How it happened: One respondent told the Pete Buttigieg campaign that the former mayor's name wasn't one of the choices he was offered.

  • The campaign alerted CNN and other polling partners, an investigation was conducted and the results were spiked.
  • CNN said: "A respondent raised an issue with the way their interview was conducted, which could have compromised the results of the poll. We were unable to ascertain what happened during this respondent's interview, and cannot determine if this was a single isolated incident."

A CNN source told me the amazing backstory: An interviewer at the poll's call center increased the font size of the questionnaire on their screen so much that the bottom choice (which rotated between calls) wasn't visible.

3. Tweet of the week

4. Iowa sizzle reel

Ahead of tomorrow night's (!) caucuses, glimpses from yesterday's action in ...

Iowa City ...

Photo: Brian Snyder/Reuters

Bettendorf ...

Photo: John Locher/AP

Oelwein ...

Photo: Matt Rourke/AP

North Liberty ...

Photo: Andrew Harnik/AP

Des Moines ...

Photo: Margaret Talev/Axios

Indianola ...

Photo: Carlo Allegri/Reuters

5. 🇨🇳 Worthy read of the day

Photo: Asa Sjostrom for The New York Times

I found this suspenseful N.Y. Times Magazine cover story by Sara A. Topol very helpful in understanding the backstory to Beijing's repression of China's Muslim minorities, notably the Uighurs:

In the history books she had pored over, [Humar Isaac, the precocious, stubborn daughter of Uighur parents] read that in turbulent times, whenever a dynasty fell, another rose. There was a saying: Luan shi chu yingxiong — heroes rise out of chaos. In this new China, she thought, there would be opportunity for ordinary people to be heroes. ...
[As she grew up], Humar worried about what was happening on the internet. Islamophobia was growing worse. ... Xi had intensified what could be called the privatization of censorship, in which companies themselves were charged with taking down posts the government might deem problematic or risk fines or closure. New dictates from the Communist Party arrived daily concerning what was or wasn’t palatable. ...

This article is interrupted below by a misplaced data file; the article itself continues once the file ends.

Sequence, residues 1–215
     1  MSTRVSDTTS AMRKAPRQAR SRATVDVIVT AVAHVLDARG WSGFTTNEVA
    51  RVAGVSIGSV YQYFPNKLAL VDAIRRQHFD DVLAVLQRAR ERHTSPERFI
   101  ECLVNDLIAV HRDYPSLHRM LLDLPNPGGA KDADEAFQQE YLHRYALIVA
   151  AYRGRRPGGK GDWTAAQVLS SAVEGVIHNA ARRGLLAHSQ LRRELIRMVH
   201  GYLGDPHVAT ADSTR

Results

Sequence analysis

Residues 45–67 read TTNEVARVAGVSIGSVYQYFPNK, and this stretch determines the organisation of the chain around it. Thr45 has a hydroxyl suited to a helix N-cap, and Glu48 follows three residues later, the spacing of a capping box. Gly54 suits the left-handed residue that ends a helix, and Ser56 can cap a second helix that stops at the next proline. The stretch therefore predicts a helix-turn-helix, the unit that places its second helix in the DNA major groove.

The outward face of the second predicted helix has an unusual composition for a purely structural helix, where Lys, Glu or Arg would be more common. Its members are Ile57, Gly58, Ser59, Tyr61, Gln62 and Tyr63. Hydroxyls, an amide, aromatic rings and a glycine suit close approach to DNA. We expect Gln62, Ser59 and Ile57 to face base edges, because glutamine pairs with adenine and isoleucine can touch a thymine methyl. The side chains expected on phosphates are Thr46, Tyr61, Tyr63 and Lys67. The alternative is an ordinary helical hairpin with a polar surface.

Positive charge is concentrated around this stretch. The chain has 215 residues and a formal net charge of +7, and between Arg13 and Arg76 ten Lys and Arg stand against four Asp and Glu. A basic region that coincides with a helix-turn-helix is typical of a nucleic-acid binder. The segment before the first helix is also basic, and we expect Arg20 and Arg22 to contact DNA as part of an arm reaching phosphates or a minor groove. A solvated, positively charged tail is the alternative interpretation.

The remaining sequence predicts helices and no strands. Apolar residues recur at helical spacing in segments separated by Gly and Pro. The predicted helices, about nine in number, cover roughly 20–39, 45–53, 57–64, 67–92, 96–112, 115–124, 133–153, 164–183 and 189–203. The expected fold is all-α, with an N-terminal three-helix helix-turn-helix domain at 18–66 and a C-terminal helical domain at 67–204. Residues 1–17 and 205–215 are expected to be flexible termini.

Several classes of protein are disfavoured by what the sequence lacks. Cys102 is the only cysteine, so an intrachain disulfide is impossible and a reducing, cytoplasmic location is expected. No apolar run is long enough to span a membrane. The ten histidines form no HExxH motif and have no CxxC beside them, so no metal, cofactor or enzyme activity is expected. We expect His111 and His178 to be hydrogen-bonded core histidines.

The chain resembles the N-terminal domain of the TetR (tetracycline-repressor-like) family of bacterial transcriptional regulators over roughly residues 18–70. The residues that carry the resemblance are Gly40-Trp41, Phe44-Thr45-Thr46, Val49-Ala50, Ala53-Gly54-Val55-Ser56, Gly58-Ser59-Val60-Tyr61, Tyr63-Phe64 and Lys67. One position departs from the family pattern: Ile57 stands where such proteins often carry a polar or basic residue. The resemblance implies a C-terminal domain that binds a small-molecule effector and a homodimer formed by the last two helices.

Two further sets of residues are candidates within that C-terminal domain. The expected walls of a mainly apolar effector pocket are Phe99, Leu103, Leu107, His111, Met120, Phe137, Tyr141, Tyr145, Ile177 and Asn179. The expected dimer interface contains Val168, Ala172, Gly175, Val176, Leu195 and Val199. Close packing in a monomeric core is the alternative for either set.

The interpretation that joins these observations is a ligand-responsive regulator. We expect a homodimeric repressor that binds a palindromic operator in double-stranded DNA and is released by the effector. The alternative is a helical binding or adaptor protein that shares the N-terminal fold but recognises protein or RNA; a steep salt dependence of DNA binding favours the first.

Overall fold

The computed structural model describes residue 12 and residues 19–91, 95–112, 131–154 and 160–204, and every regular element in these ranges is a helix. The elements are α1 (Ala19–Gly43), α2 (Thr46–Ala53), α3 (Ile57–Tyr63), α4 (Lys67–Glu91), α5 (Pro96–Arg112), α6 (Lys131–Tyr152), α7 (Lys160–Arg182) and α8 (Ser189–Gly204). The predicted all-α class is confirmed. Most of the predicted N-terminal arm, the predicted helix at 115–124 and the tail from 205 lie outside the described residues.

[A]s questions became less sophisticated, there was less room for nuanced conversation. Humar stopped posting. No one person could change China. The time for everyday heroes had passed.

Keep reading.

6. 🥨 1 Super thing: NFL rebounds

Satellite view of Hard Rock Stadium in Miami Gardens, tonight's site. Photo: Maxar Technologies via Reuters

Any thought that the NFL was in jeopardy of losing its spot as America's favorite sport has been set on the back burner, AP's Eddie Pells writes:

  • That's mostly where the domestic abuse cases, national anthem controversies and even new concerns about player safety resided for the bulk of the season.

What's next: The league has a legion of rising young stars led by Patrick Mahomes, the 24-year-old QB who brought the Kansas City Chiefs to tonight's Super Bowl.

  • And the 49ers are trying to complete the NFL's version of a fairy tale by going from 4-12 to hoisting the Lombardi Trophy in the span of a year.

What's happening: America's ever-expanding gambling landscape, the continued strength of fantasy football, and the league's steady growth in Britain and other countries all played roles in keeping eyeballs focused on the games.

  • It all helps explain the league's back-to-back 5% TV ratings increases — two straight years with an uptick after a two-year stretch (2016-17) during which the NFL's status as the king of American sports took a hit from President Trump and other controversies.

The league accounted for 47 of the 50 most-watched shows on TV last year.